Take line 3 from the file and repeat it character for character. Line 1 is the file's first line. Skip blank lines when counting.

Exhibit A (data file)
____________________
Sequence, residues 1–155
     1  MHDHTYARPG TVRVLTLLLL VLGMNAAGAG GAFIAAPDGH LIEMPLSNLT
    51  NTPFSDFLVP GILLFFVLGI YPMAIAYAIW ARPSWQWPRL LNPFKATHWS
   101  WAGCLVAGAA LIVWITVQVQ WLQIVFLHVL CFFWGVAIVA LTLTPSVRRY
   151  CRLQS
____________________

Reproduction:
    51  NTPFSDFLVP GILLFFVLGI YPMAIAYAIW ARPSWQWPRL LNPFKATHWS